Fresh Prince of Bel Air blows into Brixton (and MP Chuka Umanna plays Will Smith's dorky cousin Carlton)
Charlie Cooper is Health Correspondent for The Independent, i, and The Independent on Sunday, writing on the NHS, medical advances, and international health. Since joining the papers as an editorial assistant, he has been nominated for young journalist of the year at both the Press Awards and the British Journalism Awards.
Friday 08 March 2013
Complete the following sentence. “In West Philadelphia born and raised…”
If you just said “… on the playground is where I spent most of my days”, congratulations. You were young in the 90s. If these words mean nothing to you, take a minute, just sit right there, and I’ll tell you all about the Fresh Prince of Bel Air.
On Thursday, Will Smith surprised pupils at a school in south London by heading a special assembly. At the end of the event, set up by local Labour MP Chuka Umunna, he performed a song that he wrote with legendary producer Quincy Jones more than two decades ago.
Remarkably, nearly every pupil at St Martins-in-the-Fields High School for Girls, as well as several members of staff, could sing along word for word.
The song was the theme tune to the Fresh Prince of Bel Air – a 90s sitcom that has had an extraordinarily long afterlife since its last episode aired way back in 1996.
And while Will Smith has since become one of Hollywood’s most bankable stars and sold millions of records, the theme tune still follows him wherever he goes.
“It’s taken on a life its own,” said Dan Stubbs, news editor and “in-house Will Smith expert” at NME Magazine. “For a certain generation, Fresh Prince was 6 o’clock, after school, tea-time viewing and the theme tune is insanely catchy. It’s not surprising as he was a proper hip-hop artist and the producer, Quincy Jones, knows a few things about making a catchy tune. It wasn’t a Denis Waterman situation.”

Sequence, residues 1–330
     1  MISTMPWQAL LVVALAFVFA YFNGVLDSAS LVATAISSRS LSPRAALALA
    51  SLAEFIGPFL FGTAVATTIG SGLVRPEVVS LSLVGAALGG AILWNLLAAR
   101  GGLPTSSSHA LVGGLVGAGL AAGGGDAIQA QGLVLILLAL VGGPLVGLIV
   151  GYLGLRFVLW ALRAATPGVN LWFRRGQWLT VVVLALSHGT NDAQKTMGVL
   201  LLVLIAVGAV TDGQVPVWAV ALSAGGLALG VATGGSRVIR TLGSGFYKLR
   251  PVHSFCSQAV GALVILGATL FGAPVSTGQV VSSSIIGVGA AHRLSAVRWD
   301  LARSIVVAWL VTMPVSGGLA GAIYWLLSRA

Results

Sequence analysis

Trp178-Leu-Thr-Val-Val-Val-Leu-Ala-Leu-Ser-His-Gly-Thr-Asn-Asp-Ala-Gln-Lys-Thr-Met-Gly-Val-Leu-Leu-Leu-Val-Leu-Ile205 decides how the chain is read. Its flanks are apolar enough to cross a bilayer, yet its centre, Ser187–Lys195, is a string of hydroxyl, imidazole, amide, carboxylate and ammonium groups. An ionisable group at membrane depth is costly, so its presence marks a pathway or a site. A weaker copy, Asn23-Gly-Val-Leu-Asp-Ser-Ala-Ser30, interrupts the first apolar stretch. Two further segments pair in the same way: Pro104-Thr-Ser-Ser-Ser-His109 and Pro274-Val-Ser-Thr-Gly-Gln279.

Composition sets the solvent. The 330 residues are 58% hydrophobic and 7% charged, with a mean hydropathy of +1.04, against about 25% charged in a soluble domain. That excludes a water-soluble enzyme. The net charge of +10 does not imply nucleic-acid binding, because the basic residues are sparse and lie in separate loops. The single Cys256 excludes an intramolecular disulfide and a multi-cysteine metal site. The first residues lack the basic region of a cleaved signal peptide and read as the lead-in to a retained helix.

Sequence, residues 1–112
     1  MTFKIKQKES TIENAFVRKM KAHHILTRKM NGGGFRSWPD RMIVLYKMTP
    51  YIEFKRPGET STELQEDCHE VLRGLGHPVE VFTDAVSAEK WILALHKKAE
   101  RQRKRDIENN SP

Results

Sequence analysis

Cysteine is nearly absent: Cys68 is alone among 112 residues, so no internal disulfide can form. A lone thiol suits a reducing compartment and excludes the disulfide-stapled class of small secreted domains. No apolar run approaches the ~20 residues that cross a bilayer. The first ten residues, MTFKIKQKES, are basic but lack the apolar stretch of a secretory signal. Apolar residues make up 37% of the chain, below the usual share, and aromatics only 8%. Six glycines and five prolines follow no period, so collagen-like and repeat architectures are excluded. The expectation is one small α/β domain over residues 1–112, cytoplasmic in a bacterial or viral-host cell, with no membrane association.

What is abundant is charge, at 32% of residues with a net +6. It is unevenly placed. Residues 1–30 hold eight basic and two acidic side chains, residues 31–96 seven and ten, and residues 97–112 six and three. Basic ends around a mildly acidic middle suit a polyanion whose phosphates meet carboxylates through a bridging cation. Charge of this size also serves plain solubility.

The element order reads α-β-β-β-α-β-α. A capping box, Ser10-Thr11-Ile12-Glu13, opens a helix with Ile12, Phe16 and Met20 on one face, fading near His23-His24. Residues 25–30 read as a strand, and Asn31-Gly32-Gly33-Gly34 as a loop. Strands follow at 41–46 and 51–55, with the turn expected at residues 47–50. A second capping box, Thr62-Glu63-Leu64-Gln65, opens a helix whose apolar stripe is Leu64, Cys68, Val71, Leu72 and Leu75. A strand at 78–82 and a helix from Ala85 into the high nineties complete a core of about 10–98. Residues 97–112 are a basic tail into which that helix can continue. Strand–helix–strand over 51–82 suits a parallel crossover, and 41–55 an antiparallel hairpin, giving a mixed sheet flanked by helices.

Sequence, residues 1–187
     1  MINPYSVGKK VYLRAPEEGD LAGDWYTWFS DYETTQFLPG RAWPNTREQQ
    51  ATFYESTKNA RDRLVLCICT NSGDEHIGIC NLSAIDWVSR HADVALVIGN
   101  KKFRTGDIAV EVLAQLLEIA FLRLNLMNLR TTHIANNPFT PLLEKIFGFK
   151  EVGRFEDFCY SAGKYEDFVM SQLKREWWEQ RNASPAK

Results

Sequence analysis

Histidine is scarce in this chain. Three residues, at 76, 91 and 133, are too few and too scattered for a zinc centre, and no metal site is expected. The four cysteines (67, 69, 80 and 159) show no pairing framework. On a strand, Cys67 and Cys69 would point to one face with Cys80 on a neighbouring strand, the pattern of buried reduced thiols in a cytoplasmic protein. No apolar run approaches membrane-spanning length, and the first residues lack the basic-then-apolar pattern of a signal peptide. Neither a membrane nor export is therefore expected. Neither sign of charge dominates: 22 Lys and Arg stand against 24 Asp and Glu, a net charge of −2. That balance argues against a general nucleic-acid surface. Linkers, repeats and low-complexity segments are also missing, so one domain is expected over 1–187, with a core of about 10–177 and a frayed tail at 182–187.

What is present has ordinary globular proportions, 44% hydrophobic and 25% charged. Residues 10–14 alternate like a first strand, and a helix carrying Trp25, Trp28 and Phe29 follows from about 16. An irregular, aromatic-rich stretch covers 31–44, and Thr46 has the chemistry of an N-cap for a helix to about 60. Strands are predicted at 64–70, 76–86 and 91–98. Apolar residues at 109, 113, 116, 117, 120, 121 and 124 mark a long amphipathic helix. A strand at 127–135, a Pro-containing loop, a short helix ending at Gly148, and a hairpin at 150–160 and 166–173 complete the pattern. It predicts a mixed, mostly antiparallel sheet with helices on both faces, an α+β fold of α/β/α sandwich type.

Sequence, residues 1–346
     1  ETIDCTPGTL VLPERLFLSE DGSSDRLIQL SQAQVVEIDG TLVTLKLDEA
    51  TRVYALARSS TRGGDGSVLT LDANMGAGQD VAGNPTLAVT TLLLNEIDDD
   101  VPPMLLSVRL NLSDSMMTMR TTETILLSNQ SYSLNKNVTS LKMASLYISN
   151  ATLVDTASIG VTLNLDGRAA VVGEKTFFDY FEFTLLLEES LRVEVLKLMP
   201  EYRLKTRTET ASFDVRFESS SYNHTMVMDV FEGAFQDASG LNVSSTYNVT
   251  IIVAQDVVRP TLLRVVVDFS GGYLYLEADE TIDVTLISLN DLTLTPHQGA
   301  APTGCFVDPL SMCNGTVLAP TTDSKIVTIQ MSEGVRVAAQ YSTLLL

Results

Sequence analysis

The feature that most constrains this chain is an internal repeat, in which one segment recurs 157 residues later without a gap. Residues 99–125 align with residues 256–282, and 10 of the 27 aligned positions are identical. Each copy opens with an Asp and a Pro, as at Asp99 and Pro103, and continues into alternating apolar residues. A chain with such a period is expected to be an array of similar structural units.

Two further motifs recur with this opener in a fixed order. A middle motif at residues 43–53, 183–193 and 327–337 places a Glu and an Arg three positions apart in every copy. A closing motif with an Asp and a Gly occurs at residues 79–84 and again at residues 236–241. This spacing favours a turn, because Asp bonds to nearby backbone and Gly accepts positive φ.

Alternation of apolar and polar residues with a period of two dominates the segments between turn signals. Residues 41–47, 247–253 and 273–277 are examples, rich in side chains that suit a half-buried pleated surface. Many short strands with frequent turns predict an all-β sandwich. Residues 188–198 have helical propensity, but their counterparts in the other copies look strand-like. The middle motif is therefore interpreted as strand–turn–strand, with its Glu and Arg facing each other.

The song, as anyone under the age of 35 will attest, sets up the premise of the sitcom, explaining how a fictional version of Will Smith, a street-wise Philadelphia boy, is sent to live with his wealthy aunt and uncle in Bel Air, California, after getting into a fight.
The show remains popular, is still regularly shown on Viva and MTV and appears to have developed cult status.
Even Mr Umunna counts himself a fan. “I used to watch the Fresh Prince of Bel Air when I got back from school. We all grew up with Will Smith,” he told The Independent. “The funny thing was seeing all the school girls, now the age that I was in the 90s, all knowing the words as well.”
It comes as no surprise perhaps that Mr Umunna, at 34, should know his Uncle Phils from his Jazzy Jeffs. He also recalls buying Will Smith’s 1991 album Homebase, which featured the hit song “Summertime”.
But does he know the words to the theme tune? Put to the test, Mr Umunna could not recite the next line to a lyric from the song, and there have been some who have described his dancing during Will Smith’s school performance as reminiscent of a certain Carlton Banks – Will’s dorky but endearing cousin in the show. He confessed that for a politician, dancing was always a “risky thing”.
Smith was in London this week to accompany his 14-year-old son Jaden – a rapper and actor like his dad who is supporting Justin Bieber in the latter’s ill-fated London tour appearances.
Mr Umunna contacted Smith offering to show the rapper “the real London” and the pair, joined by Tessa Jowell, toured Brixton on Thursday, culminating in the surprise appearance at the school for girls aged 11 to 18.
His appearance was kept a closely guarded secret until the very last minute.
“When I was asked, at very short notice, if I was prepared to host a visit I was going to say no until I found out it was Will Smith” said head teacher Lesley Morrison. “I was expecting someone like Michael Gove and I really wasn’t in the mood for him at all.”
“Will is such a legend, a hero for all the films that he’s done and being the first rapper not to use profanities,” she said, adding that she was pleased that her pupils, none of whom were born when the show began, were aware of the Fresh Prince of Bel Air.
“The show is still hilarious, a bit like the Cosby Show – funny to a point but positive. There’s so many awful things that they could be watching, but the fact they know the song shows that not all kids just want to watch shows with violence and sex these days.”
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